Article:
Locations offering the vaccine

Several locations are vaccinating kids of the 5 to 11 age group in the local area.

Bellin Health Marinette began vaccinating kids Nov. 5 and has, as of Tuesday, vaccinated over 100 kids ages 5 to 11 in Marinette so far.

Bellin Health Marinette is currently offering appointments Monday through Friday from 8 a.m. to 4:30 p.m. As mentioned previously, Bellin Health may open additional evening and Saturday clinic hours and will likely do so in December. Community members can call the clinic at 1-715-735-5225 or the Bellin Health COVID hotline at 1-920-445-7313 to make an appointment. Alternatively, individuals can schedule an appointment through their MyBellinHealth account.

The Aurora Health Center on Old Peshtigo Road is offering vaccines for this age group Monday through Friday. It is also currently offering evening and weekend appointments. Advocate Aurora Health has delivered over 2,000 vaccines to children in this age group across Wisconsin and Illinois, according to Dr. Beno.

Aurora Health Center vaccine appointments for this age group can be made in the LiveWell app or by calling 1-866-443-2584. Parents and caregivers who are scheduling an appointment for someone under 18 through the LiveWell app have to connect their account to their child’s via proxy access.

Marinette County Public Health will also be holding a COVID vaccine clinic for kids ages 5 to 11 Nov. 22 from 3:30 to 5:30 p.m. at the health department at 2500 Hall Avenue. Appointments for the clinic are required and can be made by calling 1-715-732-7670. Marinette County Public Health Officer Molly Bonjean said COVID vaccine appointments for all other age groups are available at Marinette County Public Health at various times and that community members can call the same number for further details.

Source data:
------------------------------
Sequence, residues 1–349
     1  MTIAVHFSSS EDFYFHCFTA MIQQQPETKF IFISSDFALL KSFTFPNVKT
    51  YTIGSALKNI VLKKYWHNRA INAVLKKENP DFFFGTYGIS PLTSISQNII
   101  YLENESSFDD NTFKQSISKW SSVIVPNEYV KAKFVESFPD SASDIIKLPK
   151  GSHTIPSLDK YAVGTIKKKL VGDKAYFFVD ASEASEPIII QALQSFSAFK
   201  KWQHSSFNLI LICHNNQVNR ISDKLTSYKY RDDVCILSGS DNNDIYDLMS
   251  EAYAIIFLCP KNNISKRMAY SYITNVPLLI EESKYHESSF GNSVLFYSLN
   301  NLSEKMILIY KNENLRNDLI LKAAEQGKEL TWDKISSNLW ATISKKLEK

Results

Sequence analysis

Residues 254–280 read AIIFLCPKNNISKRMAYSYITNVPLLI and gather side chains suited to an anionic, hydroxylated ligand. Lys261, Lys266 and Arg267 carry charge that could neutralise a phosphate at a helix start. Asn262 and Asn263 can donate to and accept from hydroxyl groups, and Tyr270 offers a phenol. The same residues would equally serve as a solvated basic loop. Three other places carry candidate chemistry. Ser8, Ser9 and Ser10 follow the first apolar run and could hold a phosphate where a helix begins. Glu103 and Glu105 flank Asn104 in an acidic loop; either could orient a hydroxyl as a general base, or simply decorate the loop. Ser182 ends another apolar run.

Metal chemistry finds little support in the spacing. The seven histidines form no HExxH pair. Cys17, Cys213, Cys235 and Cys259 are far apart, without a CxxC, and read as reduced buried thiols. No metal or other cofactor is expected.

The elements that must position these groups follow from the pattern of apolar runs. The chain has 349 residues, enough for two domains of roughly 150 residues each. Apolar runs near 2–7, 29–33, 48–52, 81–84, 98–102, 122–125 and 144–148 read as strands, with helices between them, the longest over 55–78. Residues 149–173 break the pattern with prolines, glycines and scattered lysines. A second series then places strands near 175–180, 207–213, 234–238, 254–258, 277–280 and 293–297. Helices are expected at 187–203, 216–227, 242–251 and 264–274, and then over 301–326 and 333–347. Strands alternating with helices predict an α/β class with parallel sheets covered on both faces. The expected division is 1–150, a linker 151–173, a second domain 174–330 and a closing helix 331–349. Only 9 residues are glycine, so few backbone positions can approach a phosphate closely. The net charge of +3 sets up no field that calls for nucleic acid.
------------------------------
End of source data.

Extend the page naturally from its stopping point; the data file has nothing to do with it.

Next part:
Bonjean said Marinette County Public Health isn’t currently planning to set up vaccine clinics in schools. If schools request clinics, however, she said the health department will connect them with other community partners that have the capacity to deliver these vaccines.

Prevea Health began administering COVID vaccines for this age group Nov. 8 and has thus far delivered over 1,000 of the vaccines across Wisconsin, according to a spokesperson. Although the Prevea Health Center in Marinette is not currently administering the vaccine for this age group, Prevea Health is offering appointments on Wednesdays from 2 to 6 p.m. at its clinic at HSHS St. Clare Memorial Hospital in Oconto Falls and Monday through Saturday, including some evening hours, at 1715 Dousman St. in Green Bay, the site of the former Prevea St. Mary’s Health Center. The Prevea Health spokesperson said Prevea Health doesn’t have immediate plans to offer the vaccine in Marinette.

The Walgreens at 2301 Hall Avenue in Marinette is also offering COVID vaccines for this age group. Community members can book appointments online, through the Walgreens app or by calling 1-715-732-4102.